“Sisyphus” is the self-titled debut from the group formerly known as S/S/S, a collaboration between singer-songwriter Sufjan Stevens, producer Son Lux, and rapper Serengeti. The album was commissioned by the Walker Art Center in Minneapolis to accompany the opening of a new exhibition by visual artist Jim Hodges. Although they worked independently, Sisyphus took a trip to Hodges’ studio and referred to his work throughout the recording process, and it’s a Hodges piece displayed on the front of the record. The band chose the cover because it screams disco and party, feelings they wanted to cultivate throughout the record.
Hodges’ untitled-but-subtitled “scratched sky” series is the perfect visual representation of what’s happening on this album. He has taken breathtaking pictures of sunsets, clouds and skylines and then added long, frantic scratches overtop of the image, exposing the fragility and imperfection beneath. Musically, Sisyphus is a party record, complete with house beats and catchy hooks that will probably end up being heard in frat houses across the country. However, the lyrics beneath the glitz and glam of the music discuss divorce, addiction and twisted love in a dark, direct fashion.
The opening track “Calm it Down” is an invitation of sorts to relax, put down your phone and really listen to what’s happening. The band wants your full attention, and will test it with the longer, atmospheric tracks “Take Me” and “I Won’t Be Afraid” featuring Sufjan Stevens. While the first half of the album features some shorter, more straightforward songs (“Booty Call”) and the incredibly catchy “Rhythm of Devotion,” the latter half turns darker with “Dishes in the Sink” and “Hardly Hanging On.” These two songs run together, acting as one eight-minute track about divorce and dealing with the choices we make, ending with 30 seconds of dissonant buzzing that sends you into the next track unsettled.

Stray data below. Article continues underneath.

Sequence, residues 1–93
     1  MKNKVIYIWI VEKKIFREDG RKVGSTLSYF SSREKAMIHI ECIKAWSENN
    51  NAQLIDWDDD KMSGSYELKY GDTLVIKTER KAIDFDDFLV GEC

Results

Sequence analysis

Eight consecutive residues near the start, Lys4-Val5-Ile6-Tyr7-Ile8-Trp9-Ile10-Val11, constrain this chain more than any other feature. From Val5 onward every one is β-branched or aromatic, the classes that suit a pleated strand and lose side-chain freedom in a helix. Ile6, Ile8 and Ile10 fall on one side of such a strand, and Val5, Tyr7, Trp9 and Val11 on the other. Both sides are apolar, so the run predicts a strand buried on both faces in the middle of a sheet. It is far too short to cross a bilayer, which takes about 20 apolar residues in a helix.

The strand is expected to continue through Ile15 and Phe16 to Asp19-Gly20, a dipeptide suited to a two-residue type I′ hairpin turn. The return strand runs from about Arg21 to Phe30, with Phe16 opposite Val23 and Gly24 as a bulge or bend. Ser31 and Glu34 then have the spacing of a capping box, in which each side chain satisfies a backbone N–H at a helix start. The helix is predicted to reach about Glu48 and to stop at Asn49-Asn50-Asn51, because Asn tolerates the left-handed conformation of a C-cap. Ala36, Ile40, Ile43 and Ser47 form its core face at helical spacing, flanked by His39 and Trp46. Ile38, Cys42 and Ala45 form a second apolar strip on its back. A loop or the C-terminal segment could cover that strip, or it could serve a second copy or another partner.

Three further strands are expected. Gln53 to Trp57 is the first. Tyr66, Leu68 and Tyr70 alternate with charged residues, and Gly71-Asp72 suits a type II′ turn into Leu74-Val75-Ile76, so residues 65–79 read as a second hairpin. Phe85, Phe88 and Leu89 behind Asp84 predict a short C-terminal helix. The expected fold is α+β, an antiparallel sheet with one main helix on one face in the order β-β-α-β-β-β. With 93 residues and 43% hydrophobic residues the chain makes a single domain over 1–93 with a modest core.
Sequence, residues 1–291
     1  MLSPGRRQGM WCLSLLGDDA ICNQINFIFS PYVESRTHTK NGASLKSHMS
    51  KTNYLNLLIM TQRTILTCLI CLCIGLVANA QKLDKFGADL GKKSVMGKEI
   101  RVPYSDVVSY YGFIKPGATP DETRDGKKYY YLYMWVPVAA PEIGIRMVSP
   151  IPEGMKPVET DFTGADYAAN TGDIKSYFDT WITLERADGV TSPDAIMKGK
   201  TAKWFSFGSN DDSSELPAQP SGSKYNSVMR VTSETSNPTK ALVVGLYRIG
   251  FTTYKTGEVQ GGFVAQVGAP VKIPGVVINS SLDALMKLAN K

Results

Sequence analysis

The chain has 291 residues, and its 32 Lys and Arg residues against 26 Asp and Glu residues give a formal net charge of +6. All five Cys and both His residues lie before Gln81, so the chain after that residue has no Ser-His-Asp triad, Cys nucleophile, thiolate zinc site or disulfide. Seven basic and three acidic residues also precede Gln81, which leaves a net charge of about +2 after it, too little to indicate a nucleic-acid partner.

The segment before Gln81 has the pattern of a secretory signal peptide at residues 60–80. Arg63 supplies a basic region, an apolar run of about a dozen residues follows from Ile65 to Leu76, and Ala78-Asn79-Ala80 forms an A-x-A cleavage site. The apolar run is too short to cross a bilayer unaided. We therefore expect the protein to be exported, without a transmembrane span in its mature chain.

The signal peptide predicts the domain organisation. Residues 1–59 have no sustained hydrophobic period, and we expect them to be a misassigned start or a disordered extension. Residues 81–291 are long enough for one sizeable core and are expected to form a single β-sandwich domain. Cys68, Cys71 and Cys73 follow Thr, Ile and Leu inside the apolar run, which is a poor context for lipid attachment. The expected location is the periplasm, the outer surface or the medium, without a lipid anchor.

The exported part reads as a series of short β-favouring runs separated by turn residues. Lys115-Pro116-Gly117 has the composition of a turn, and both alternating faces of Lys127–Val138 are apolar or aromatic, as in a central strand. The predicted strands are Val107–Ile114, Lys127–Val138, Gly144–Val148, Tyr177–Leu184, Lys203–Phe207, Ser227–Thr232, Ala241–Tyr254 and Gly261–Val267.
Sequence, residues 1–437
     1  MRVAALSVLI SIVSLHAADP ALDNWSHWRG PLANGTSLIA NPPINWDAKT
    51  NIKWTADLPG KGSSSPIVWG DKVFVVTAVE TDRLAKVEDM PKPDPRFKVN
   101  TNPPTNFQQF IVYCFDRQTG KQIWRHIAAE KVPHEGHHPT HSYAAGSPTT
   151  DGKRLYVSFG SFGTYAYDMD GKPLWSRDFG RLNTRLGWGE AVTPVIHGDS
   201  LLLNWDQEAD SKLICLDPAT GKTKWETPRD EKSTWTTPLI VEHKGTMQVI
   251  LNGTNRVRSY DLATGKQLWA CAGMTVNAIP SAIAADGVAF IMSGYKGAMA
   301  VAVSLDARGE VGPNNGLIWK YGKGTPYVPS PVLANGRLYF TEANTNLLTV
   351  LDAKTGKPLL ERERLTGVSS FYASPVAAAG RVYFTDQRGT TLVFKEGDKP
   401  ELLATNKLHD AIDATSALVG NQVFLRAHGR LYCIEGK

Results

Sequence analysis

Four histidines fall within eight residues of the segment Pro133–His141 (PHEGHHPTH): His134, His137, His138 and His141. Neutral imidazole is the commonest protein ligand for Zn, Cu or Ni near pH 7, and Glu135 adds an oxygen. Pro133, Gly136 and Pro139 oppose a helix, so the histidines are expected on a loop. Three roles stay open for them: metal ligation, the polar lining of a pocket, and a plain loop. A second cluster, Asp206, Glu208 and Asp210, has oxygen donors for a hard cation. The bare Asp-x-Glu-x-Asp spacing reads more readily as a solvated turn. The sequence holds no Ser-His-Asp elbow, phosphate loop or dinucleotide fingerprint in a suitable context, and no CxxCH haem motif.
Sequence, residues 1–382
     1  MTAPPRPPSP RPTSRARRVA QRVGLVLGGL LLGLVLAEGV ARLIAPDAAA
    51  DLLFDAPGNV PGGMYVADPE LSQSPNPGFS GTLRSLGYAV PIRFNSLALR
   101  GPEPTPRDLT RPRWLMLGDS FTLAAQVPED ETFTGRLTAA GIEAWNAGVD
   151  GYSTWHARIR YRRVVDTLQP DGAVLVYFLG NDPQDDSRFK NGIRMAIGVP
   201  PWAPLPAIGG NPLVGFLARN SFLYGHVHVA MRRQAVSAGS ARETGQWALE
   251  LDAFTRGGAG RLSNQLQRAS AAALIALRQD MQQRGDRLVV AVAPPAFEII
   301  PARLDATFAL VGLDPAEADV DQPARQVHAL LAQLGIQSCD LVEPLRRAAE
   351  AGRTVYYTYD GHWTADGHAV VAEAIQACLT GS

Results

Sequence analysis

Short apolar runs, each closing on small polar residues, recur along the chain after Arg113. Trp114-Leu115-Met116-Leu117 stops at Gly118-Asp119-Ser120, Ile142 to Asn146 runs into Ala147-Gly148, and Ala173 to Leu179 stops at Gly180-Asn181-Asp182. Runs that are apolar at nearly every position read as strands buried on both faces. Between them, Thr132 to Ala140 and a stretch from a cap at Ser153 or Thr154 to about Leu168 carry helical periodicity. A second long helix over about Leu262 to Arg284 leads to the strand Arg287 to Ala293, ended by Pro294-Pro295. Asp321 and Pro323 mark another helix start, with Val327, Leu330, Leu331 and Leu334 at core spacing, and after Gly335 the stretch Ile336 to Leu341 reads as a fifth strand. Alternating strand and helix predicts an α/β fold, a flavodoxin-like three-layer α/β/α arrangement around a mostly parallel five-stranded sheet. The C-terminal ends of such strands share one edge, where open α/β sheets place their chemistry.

Throughout the album, there is a sharp juxtaposition between the carefree, party vibe of the music and the naked intimacy of the lyrics. The closing track, “Alcohol”, is a prime example. On the surface, it offers a repetitive and infectious dance beat that looks like glow sticks and smells like sweat. However, when put in context with dark lyrics about an inherited cycle of addiction, the two-minute loop in the middle of the track becomes much more than a repetitive beat. It feels wrong to dance while Serengeti is offering brutal honesty and the throbbing bass starts to feel dirty as you become addicted to the groove, caught in a never-ending cycle. In a way, this is Sisyphus if his boulder was covered in gold, which is an idea realized in one of Jim Hodges’ exhibition pieces. This idea is echoed musically throughout the record, that no matter how enticing it may be, underneath the gold surface the boulder is still just a dirty rock. While Sisyphus may have set out to make a party record, they ultimately created something underneath that is much deeper and more satisfying than a collection of dance tunes could ever offer.
4 stars out of 5.
DOWNLOAD NOW:’Rhythm of Devotion’